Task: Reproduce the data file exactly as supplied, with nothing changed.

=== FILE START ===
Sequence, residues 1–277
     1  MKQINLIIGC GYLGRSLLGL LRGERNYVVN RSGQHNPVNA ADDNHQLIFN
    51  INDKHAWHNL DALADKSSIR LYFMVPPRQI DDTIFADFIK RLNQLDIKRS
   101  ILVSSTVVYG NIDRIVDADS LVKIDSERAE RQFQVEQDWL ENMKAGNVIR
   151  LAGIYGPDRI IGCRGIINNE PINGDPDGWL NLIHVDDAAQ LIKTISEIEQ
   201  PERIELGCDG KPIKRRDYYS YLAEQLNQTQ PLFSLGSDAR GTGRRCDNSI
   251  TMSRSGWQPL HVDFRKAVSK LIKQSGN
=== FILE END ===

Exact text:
Sequence, residues 1–277
     1  MKQINLIIGC GYLGRSLLGL LRGERNYVVN RSGQHNPVNA ADDNHQLIFN
    51  INDKHAWHNL DALADKSSIR LYFMVPPRQI DDTIFADFIK RLNQLDIKRS
   101  ILVSSTVVYG NIDRIVDADS LVKIDSERAE RQFQVEQDWL ENMKAGNVIR
   151  LAGIYGPDRI IGCRGIINNE PINGDPDGWL NLIHVDDAAQ LIKTISEIEQ
   201  PERIELGCDG KPIKRRDYYS YLAEQLNQTQ PLFSLGSDAR GTGRRCDNSI
   251  TMSRSGWQPL HVDFRKAVSK LIKQSGN